Jafari wrote Tisdale on November 6, 2007 and wrote Ackerman on December 5, 2007, raising in both messages essentially the same grievances: (1) that Coles unfairly handled the Rylanda Dark affair, (2) that Jafari's job was supervisory, thus he should get a pay hike, (3) that Jafari's job was non-supervisory, thus he should receive overtime pay under the FLSA, and (4) that Jafari deserved additional salary for On-Call work. Jafari's November 6, 2007 email to Tisdale also indicated his intention to seek work elsewhere.

On January 11, 2008, driver John Rush (who had reported the Rylanda Dark complaint) picked up four clients late. Jafari told Stanley about the incident and began an investigation. (Am. Compl. ΒΆ 60, ECF No. 33-1). In a classic case of overkill, Jafari submitted a four-page report about the bus driver being late. He accused Rush of at least eight (8) rule violations and included thirteen (13) GPS maps detailing Rush's exact movements over a roughly two-hour period on the relevant date.

Jafari's desire to nail Rush turned out to be his undoing. To support his investigation, Jafari obtained a handwritten complaint about Rush from one of the passengers, Brittany Randolph. At a January 25, 2008 staff meeting, Jafari was asked if, contrary to instructions, he had visited Randolph's home or workplace in order to obtain this handwritten statement. Jafari acknowledged that he did obtain the written statement at Randolph's home and that he also visited her workplace to discuss the complaint. ( See Jafari Dep., 322:20-324:25, Sept. 12, 2012, ECF No. 94-1; Pl.'s Comp. Index of Ex., Ex. 68, ECF 100.) At the January 25 meeting, Ackerman also questioned Jafari about a different incident, his denial of another driver's request for bereavement leave. In late December 2007, Ackerman had learned of a threatened union grievance against Jafari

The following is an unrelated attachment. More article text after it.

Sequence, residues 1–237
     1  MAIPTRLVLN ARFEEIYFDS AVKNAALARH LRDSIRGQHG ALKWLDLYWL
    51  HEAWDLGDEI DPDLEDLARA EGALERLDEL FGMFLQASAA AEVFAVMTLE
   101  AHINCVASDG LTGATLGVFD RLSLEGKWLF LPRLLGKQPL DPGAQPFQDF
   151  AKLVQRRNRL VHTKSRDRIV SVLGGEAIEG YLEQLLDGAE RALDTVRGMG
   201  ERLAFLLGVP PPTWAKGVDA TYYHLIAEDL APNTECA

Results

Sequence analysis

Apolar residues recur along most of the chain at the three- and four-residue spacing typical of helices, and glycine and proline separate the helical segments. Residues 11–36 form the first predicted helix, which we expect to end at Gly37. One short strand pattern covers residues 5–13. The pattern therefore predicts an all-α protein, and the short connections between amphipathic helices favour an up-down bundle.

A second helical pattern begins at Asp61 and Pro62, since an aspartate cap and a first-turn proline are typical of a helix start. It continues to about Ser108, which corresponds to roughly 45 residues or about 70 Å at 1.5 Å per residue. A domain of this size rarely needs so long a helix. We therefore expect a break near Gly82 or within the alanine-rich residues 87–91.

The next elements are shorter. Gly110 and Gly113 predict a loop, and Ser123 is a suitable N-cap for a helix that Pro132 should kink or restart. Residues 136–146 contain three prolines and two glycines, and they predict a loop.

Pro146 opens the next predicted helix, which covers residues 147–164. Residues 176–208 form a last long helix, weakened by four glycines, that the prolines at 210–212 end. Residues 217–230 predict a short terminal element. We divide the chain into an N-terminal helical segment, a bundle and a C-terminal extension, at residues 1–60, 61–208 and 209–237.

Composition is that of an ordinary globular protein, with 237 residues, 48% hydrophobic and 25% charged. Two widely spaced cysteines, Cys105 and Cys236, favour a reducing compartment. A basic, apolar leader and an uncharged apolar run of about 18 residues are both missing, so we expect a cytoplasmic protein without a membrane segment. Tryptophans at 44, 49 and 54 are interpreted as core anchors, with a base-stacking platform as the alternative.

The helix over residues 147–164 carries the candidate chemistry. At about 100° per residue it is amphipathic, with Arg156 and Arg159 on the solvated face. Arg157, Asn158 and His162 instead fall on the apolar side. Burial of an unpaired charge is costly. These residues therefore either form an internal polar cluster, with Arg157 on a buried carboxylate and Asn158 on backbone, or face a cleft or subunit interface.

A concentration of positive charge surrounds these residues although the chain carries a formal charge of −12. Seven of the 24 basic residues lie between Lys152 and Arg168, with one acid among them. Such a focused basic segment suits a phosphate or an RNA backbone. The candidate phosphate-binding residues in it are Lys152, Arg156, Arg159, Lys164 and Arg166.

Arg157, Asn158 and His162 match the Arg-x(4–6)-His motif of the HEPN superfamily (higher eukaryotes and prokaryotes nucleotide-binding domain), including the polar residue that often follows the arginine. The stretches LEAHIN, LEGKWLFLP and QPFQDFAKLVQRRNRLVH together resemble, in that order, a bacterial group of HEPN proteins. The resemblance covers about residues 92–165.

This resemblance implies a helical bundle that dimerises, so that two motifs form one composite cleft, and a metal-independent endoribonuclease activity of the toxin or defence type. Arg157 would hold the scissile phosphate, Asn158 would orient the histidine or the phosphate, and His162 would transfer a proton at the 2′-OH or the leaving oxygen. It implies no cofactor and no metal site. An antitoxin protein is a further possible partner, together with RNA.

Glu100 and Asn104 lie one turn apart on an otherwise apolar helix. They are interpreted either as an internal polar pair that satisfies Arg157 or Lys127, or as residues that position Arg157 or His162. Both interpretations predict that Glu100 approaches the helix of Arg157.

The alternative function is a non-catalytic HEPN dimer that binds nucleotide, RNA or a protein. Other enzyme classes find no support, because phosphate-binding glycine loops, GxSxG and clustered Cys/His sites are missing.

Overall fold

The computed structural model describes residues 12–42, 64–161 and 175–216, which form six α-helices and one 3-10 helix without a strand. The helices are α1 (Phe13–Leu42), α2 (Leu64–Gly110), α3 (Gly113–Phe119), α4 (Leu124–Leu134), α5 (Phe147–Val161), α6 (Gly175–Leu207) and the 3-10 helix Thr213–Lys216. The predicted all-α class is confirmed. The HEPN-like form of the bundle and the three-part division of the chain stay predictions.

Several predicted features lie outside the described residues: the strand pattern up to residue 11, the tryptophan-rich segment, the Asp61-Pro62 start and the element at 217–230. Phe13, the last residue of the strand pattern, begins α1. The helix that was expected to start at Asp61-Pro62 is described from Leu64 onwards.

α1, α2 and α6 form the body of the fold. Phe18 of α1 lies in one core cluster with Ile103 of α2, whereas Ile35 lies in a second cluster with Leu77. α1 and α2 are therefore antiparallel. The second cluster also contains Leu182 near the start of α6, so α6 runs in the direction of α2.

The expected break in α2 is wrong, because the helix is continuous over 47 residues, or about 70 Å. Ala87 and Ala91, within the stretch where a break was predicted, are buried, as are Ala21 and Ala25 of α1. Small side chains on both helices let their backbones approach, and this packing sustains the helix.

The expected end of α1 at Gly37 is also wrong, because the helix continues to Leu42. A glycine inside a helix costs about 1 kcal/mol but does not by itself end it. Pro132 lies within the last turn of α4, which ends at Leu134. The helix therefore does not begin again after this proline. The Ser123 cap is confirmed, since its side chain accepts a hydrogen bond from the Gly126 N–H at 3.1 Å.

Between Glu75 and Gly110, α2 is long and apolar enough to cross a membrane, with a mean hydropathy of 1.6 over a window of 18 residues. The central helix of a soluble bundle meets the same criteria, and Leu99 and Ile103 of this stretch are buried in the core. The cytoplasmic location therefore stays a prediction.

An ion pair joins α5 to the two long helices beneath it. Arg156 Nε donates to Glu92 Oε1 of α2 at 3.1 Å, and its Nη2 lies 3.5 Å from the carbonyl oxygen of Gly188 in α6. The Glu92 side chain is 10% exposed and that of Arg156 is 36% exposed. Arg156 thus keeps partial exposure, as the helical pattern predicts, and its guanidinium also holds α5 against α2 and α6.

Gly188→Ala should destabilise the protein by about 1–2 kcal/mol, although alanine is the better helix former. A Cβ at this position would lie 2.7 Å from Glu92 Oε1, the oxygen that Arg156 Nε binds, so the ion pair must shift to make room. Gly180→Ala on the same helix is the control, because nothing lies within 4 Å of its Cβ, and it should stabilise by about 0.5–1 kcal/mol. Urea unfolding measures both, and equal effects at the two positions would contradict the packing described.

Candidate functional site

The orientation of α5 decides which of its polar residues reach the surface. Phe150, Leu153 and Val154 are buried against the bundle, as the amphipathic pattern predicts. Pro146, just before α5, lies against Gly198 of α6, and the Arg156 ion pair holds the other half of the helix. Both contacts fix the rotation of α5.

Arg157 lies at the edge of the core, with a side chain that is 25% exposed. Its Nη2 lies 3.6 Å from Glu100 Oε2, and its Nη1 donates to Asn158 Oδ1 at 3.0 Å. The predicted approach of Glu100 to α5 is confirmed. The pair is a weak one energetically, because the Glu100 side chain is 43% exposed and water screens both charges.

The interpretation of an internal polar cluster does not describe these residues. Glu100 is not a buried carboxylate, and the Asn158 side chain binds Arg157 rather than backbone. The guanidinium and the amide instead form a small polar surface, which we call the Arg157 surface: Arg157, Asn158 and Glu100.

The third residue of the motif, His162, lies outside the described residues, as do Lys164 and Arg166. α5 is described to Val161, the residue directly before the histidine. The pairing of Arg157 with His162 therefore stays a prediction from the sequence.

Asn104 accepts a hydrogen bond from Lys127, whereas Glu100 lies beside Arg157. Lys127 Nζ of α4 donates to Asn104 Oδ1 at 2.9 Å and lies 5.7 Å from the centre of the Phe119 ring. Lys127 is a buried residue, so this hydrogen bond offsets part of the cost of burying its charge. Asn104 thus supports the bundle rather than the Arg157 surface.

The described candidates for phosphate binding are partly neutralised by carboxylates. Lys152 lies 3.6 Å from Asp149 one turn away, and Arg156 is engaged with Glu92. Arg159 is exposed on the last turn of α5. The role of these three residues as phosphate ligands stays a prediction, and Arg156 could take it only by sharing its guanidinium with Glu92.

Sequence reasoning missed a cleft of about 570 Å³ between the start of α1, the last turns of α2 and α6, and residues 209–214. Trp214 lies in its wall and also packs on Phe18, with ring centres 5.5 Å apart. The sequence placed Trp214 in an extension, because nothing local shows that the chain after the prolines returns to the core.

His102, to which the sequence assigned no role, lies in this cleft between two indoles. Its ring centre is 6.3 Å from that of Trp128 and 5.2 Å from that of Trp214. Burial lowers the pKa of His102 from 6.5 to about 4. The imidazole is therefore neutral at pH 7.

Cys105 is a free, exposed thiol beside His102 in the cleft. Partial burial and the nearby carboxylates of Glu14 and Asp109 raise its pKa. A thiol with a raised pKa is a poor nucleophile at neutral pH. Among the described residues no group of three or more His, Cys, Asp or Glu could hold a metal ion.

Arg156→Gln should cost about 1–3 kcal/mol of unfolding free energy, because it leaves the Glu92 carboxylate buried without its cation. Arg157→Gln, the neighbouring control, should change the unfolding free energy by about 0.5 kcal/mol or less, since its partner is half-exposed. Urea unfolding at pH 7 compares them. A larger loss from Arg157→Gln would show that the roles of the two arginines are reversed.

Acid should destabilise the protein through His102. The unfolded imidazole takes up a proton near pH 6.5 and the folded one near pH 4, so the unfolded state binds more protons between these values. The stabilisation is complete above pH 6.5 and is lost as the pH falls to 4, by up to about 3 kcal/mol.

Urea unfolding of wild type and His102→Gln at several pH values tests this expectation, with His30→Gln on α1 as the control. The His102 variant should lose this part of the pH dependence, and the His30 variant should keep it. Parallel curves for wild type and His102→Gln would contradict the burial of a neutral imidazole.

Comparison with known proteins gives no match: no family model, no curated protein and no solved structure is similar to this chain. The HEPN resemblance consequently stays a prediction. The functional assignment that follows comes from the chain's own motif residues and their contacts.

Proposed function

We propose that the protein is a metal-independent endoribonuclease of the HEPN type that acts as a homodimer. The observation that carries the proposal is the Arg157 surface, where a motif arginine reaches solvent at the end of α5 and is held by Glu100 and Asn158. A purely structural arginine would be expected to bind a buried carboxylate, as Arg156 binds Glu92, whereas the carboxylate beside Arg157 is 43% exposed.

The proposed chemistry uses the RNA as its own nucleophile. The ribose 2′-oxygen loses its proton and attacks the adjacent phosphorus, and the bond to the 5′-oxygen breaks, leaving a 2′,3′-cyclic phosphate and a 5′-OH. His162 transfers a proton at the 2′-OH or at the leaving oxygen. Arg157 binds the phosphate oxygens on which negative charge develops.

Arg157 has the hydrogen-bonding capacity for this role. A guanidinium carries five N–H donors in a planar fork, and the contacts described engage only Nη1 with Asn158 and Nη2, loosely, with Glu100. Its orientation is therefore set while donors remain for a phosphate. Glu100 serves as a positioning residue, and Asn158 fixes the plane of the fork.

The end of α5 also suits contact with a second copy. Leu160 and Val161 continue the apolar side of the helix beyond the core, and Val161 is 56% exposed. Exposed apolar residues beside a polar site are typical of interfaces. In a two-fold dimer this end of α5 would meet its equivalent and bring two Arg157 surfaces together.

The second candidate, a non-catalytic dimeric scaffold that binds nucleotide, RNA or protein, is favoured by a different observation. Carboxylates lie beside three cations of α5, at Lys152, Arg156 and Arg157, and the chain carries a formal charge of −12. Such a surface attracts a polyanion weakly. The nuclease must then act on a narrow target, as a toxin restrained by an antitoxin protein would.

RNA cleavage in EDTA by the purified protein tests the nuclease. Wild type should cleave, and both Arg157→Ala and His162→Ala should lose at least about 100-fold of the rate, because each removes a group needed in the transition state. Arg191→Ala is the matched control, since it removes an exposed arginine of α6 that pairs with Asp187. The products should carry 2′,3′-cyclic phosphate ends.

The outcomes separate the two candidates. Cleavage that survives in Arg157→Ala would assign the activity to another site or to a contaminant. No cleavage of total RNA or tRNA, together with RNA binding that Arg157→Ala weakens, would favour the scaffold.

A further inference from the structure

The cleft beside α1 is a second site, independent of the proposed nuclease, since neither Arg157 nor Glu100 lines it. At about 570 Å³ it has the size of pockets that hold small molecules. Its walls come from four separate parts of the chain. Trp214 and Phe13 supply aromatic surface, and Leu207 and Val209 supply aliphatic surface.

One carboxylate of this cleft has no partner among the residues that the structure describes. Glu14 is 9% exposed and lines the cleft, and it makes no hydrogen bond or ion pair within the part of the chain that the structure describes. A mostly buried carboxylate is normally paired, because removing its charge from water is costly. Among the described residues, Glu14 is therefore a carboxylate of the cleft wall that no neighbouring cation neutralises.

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citing this denial, leading to his questions to Jafari.

At a February 1, 2008 meeting with Stanley and Ackerman, Coles informed Jafari that he was being terminated and presented Jafari with a letter summarizing the reasons for his discharge. The discharge letter refers to Randolph's written statement and states that " the client ... indicated to GRTC management that [Jafari] went to her place of work and her home in order to get a written statement from her. This is in conflict with how you were previously asked to address client complaints." (Pl's Comp. Index of Ex., Ex. 71, ECF 100.) The letter further states: " Your effectiveness as a supervisor has declined with your staff as well as the management team to the point where we have no option but to terminate your employment." Id.

II. LEGAL STANDARD

When faced with cross-motions for summary judgment, the Court applies the same standard as that applied to individual motions for summary judgment. See Rossignol v. Voorhaar,316 F.3d 516, 523 (4th Cir.2003). The Court must consider " each motion separately on its own merits to determine whether either of the parties deserves judgment as a matter of law." Id. at 523 (internal citations and quotations omitted). A motion for summary judgment should be granted where " the movant shows that there is no genuine dispute as to any material fact and the movant is entitled to judgment as a matter of law." Fed.R.Civ.P. 56(a); see also Celotex Corp. v. Catrett, 477 U.S. 317, 325, 106 S.Ct. 2548, 91 L.Ed.2d 265 (1986). If there is no genuine dispute as to any material fact, it is the " affirmative ...